Applying single cell multi-omic analyses to understand treatment resistance in pediatric high grade glioma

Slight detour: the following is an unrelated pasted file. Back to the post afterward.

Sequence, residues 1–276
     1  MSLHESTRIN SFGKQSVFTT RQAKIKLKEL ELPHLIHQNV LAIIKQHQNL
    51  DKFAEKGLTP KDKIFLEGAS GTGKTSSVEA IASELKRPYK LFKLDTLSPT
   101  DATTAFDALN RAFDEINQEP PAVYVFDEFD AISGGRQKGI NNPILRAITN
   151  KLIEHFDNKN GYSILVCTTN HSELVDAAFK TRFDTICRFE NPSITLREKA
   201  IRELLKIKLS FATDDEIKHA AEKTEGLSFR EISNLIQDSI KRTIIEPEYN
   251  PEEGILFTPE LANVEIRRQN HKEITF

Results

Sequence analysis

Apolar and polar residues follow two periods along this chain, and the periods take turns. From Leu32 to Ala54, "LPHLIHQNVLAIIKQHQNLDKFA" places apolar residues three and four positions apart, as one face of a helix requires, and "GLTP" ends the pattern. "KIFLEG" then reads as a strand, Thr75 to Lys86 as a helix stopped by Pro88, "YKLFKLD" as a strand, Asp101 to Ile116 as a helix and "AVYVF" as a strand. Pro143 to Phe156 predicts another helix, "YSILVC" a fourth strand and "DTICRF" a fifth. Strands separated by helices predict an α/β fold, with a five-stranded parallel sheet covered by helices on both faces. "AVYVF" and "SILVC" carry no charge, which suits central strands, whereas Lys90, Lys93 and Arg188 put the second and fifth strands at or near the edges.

Despite improvements in cancer patient outcomes seen in the past decade, tumor resistance to therapy remains a major impediment to achieving durable clinical responses. Intratumoral heterogeneity related to genetic, epigenetic, transcriptomic, proteomic, and metabolic differences between individual cancer cells has emerged as a driver of therapeutic resistance. This cell to cell heterogeneity can be assessed using single cell profiling technologies that enable the identification of tumor cell clones that exhibit similar defining features like specific mutations or patterns of DNA methylation. Single cell profiling of tumors before and after treatment can generate new insights into the cancer cell characteristics that confer therapeutic resistance by identifying intrinsically resistant sub-populations that survive treatment and by describing new cellular features that emerge post-treatment due to tumor cell evolution. Integrative, single cell analytical approaches have already proven advantageous in studies characterizing treatment-resistant clones in cancers where pre- and post-treatment patient samples are readily available, such as leukemia. In contrast, little is known about other cancer subtypes like pediatric high grade glioma, a class of heterogeneous, malignant brain tumors in children that rapidly develop resistance to multiple therapeutic modalities, including chemotherapy, immunotherapy, and radiation. Leveraging single cell multi-omic technologies to analyze naïve and therapy-resistant glioma may lead to the discovery of novel strategies to overcome treatment resistance in brain tumors with dismal clinical outcomes. In this review, we explore the potential for single cell multi-omic analyses to reveal mechanisms of glioma resistance to therapy and discuss opportunities to apply these approaches to improve long-term therapeutic response in pediatric high grade glioma and other brain tumors with limited treatment options.